Still Bill is an intimate portrait of Soul legend Bill Withers, best known for his classics 'Ain't No Sunshine', 'Lean On Me', 'Lovely Day' and 'Just The Two Of Us'. With his soulful delivery and warm, heartfelt sincerity, Withers has written the songs that continue to resonate deeply within the fabric of our times. Filmmakers Damani Baker and Alex Vlack follow Withers and offer a unique and rare look inside the world of this fascinating man. Through concert footage, journeys to his birthplace, interviews with music and sports legends, his family and closest friends, Still Bill presents the story of an artist who has written some of the most beloved songs in our time and who truly understands the heart and soul of a man.
By pop music standards, singer-songwriter Bill Withers started his career late (he was in his early 30s), retired relatively early (in his mid-40s), and was never exactly prolific even during his active years. But as Still Bill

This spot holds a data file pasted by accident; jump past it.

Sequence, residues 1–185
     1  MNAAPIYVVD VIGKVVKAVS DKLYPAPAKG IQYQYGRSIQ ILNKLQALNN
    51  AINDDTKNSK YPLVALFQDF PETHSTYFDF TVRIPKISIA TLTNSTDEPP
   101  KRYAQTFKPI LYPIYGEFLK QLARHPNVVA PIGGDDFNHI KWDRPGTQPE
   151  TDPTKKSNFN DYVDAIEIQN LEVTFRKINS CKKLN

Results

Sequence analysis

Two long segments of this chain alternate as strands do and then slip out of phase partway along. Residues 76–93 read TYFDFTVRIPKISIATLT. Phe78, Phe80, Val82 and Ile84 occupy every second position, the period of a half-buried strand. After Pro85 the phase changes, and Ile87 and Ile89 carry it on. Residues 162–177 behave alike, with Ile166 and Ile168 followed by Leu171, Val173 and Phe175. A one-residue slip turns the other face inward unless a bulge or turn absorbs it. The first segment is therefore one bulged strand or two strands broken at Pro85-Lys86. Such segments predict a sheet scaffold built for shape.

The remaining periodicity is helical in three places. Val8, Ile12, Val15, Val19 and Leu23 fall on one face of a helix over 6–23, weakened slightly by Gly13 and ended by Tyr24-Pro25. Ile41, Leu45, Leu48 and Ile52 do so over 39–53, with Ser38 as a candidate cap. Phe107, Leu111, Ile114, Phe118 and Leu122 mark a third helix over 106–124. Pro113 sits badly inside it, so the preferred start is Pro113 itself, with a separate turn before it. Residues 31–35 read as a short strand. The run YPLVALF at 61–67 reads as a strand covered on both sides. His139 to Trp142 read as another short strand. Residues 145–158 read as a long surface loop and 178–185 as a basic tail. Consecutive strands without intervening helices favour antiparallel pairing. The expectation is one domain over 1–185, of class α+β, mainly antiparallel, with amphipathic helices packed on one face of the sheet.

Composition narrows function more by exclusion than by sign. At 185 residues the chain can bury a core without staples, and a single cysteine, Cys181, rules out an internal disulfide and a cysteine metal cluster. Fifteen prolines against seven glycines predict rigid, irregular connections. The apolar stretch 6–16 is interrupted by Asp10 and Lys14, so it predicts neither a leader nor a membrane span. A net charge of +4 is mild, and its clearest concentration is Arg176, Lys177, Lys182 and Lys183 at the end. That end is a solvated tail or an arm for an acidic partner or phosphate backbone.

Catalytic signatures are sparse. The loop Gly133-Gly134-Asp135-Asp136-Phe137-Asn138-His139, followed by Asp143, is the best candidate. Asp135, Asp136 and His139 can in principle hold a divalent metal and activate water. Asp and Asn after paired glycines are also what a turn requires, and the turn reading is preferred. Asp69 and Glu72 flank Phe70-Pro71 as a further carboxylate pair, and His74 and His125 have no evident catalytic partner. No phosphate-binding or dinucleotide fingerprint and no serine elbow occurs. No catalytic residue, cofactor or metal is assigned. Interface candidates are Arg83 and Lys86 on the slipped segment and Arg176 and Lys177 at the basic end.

, a 2008 documentary, reminds us, Withers managed to turn out a catalogue that included several bona fide classics ("Ain't No Sunshine," "Lean on Me," "Just the Two of Us") and a handful of others that aren't far behind ("Lovely Day," "Use Me," "Grandma's Hands")--and he did it all on his own terms. Born in tiny Slab Fork, West Virginia, Withers had served in the navy and was working for an aircraft manufacturer, building toilets for 747s, when he decided to try his hand at music in the early '70s. Despite having never played an instrument, written a tune, or sung in public, he did all right, to say the least; his first single was "Ain't No Sunshine," which won a Grammy and put him on TV with Johnny Carson, Dinah Shore, and many others. His style was distinctive from the get-go; his songs, featuring funky beats and his own acoustic guitar and smart, simple lyrics delivered in a voice that was both gruff and sensitive, were blues-drenched but not R&B, soulful but not Soul, per se. More hits followed, but Withers hasn't released anything since 1985 (although we do see him collaborating with Cuban musician Raúl Midón and puttering around in a home studio filled with fancy high-tech equipment that he confesses he barely knows how to operate). Part of that is due to his unwillingness to let anyone, especially the meddling white record company execs he refers to as "blaxperts," tell him what to do. But mostly, Withers simply wasn't driven to keep working and performing; music didn't define him, and as we see him today (he turned 70 during production of the documentary), he seems completely relaxed and at ease with his decision. Various friends and admirers, from Sting and Angélique Kidjo to Tavis Smiley, philosopher-author-activist Cornel West, and sports legends Jim Brown, Bill Russell, and Bernie Casey (the latter are seen in one of the bonus features), talk to and about Withers; we also hear from daughter Kori, herself a musician. But in the end it's all about the music, and the best bits are the generous live performances, many from TV appearances back in the day, in which Withers performs his songs. It's a safe bet that anyone who doesn't already own this music will be hitting the nearest download button after watching this delightful film. --Sam Graham